Ion Theatre’s current production, The Elaborate Entrance of Chad Deity spoofs and critiques The WWE’s Monday Night Raw, the TV wrestling show with ratings through the roof.
As the playwright points out, the WWE shamelessly exploits stereotypes. Violent audience reactions are the only “good.” If some conflict “trends worldwide,” as the announcers often boast, then it works. The business determines right and wrong.
Monday nights are dark nights for theater. On the advice of a friend, an actor, I have occasionally watched the show. Sure the matches are pre-determined, and most blows land on the puncher’s wrists (always bandaged to take the punishment).
And the audience goes so mad it’s hard to tell if they’re just playing along with the comic book figures or having religious epiphanies.
The playwright’s on the mark about how the show incites the audience with negative stereotypes (in Chad Deity the villains become a Muslim fundamentalist, with a “sleeper cell kick,” and a Latino called “Che Chavez Castro”).
All true. But what also caught my eye is the epic theatricality. How do you convince a live audience of over 20,000 half-crazed Americans – and who knows how many millions watching on TV - that what they’re watching might be real?
And, when a hold misfires, actually is.
My friend doesn’t watch the wrestlers so much as the audience – waving signs, chanting slogans, like blood-lusting Romans in the Coliseum.
“These freaks VOTE,” he says, with undemocratic trepidation.
True too. But the performers are also actors, on a vast stage and in-the-round no less. They must be orators as well as athletes on top physical condition. They have to work a crowd like the slimiest politico: push buttons, sway voters (either for or against them, no matter), and keep the evening’s pace blazing.
My friend may object, but pro wrestling’s also a blunt metaphor for one of acting’s most fascinating and infinite questions: how to make an on-stage moment “work.”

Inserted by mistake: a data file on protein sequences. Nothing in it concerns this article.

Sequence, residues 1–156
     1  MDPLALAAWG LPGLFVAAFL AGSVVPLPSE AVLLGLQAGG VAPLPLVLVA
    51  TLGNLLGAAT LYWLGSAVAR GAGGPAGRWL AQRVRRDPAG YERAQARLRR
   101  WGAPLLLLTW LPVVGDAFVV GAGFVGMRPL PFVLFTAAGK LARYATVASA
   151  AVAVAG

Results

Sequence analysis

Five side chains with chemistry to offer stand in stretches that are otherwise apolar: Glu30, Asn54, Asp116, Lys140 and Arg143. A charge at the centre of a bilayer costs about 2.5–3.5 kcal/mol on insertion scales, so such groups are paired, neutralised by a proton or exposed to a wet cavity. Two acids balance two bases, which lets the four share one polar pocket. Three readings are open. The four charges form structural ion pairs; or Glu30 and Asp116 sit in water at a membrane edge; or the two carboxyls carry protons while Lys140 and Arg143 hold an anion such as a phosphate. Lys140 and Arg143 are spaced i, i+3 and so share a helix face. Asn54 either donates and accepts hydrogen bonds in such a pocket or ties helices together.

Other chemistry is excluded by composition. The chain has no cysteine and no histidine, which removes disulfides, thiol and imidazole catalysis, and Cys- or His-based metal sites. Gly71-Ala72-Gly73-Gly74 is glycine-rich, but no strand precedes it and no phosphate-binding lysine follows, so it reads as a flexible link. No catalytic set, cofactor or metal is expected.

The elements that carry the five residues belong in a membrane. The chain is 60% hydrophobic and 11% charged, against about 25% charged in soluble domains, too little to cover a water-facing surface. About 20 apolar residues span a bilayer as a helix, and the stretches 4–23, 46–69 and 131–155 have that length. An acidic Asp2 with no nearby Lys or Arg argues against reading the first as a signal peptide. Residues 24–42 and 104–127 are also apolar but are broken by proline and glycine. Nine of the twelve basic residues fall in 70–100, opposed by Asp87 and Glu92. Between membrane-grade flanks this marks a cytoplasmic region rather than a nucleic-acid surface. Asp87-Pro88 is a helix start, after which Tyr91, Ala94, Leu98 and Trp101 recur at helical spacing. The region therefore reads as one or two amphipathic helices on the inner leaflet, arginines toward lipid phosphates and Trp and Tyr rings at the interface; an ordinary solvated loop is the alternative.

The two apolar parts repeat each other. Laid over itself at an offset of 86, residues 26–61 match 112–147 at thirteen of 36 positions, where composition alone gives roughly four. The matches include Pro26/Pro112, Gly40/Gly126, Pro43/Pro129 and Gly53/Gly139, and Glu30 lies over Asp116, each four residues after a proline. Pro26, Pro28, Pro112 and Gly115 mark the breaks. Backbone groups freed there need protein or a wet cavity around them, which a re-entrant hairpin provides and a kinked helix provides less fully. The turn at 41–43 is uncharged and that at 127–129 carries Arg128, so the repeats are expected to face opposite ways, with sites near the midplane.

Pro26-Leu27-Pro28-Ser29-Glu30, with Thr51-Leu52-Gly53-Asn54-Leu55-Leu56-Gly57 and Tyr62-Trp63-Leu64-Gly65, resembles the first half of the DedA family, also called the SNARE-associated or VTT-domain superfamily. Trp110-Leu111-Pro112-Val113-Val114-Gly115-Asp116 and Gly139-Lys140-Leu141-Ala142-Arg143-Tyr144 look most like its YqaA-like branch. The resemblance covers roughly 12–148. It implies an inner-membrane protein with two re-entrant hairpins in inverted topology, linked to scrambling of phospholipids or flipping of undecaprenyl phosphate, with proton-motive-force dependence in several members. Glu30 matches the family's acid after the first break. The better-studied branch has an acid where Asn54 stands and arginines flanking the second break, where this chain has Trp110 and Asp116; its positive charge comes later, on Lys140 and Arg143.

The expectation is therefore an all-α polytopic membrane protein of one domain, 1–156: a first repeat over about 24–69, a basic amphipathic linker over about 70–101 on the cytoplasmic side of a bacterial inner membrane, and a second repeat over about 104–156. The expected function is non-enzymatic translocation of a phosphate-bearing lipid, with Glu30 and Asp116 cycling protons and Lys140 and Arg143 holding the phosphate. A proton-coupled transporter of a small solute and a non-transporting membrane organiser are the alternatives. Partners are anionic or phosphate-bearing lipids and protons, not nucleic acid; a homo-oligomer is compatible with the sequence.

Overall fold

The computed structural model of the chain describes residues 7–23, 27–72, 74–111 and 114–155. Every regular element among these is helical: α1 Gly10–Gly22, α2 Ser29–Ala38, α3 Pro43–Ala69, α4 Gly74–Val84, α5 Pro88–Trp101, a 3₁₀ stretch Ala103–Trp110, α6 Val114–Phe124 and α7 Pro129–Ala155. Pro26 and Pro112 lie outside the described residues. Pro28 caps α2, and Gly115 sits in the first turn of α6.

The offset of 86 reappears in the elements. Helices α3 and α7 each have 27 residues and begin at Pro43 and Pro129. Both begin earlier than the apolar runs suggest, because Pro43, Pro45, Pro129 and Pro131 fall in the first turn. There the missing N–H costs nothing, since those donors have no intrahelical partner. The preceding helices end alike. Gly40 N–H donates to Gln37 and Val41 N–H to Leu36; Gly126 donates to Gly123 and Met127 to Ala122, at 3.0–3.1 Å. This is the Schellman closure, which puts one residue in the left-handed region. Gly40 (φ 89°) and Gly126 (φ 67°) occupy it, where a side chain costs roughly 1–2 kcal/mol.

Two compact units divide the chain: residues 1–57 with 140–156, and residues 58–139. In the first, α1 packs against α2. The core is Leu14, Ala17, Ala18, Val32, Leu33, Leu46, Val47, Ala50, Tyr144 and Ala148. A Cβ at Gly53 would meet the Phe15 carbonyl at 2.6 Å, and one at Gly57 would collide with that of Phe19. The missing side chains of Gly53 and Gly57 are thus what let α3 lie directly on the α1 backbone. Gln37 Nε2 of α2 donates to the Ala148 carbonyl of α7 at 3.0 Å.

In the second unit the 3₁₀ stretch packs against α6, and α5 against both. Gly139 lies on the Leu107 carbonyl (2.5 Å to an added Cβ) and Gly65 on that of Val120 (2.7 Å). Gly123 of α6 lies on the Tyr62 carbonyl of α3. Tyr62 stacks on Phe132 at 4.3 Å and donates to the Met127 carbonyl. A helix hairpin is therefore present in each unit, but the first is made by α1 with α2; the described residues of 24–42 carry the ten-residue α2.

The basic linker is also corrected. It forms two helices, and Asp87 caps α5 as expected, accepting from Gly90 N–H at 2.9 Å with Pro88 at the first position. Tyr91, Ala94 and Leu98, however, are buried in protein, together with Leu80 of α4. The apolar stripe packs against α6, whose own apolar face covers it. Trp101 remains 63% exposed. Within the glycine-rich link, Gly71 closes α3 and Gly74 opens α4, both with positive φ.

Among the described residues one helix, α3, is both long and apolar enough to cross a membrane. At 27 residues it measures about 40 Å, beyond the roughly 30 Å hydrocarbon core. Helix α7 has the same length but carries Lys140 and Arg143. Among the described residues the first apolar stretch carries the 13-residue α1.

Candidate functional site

It takes two. Or, as a character says in Chad Deity, “teamwork.” The hero clotheslines the villain, and the villain must not only “sell” the action, to make the hero look good, he must respond to the exact degree that the forearm strafing his neck might have hurt.
He can’t over- or under-react. That won’t play, and will evoke shouts of “fake” and “phony” (wrestling audiences are connoisseurs, in their way). The action must be a single believable unit, right now.
Chad Deity also talks about occasions when the script breaks down. A wrestler freezes or forgets his “place” and goes bazooka. His partner must somehow cover the lapse. This is the job of Macedonio “Mace” Guerra in the play. He’s an artist at it, in fact.
Watch enough theater and you develop an eye for those times when actors must do the same thing: somehow make the scene look smooth and rehearsed, even though chaos demands a cameo.
Some of the most heroic acting I’ve ever seen happens when an actor goes “up” or skips to Act Two while on page three of the script. Like Mace, who loses to make the star look good, the real actors in theater often go unnoticed as they improvise with all their heart. They not only hold a scene together, they push forward what could have fallen apart.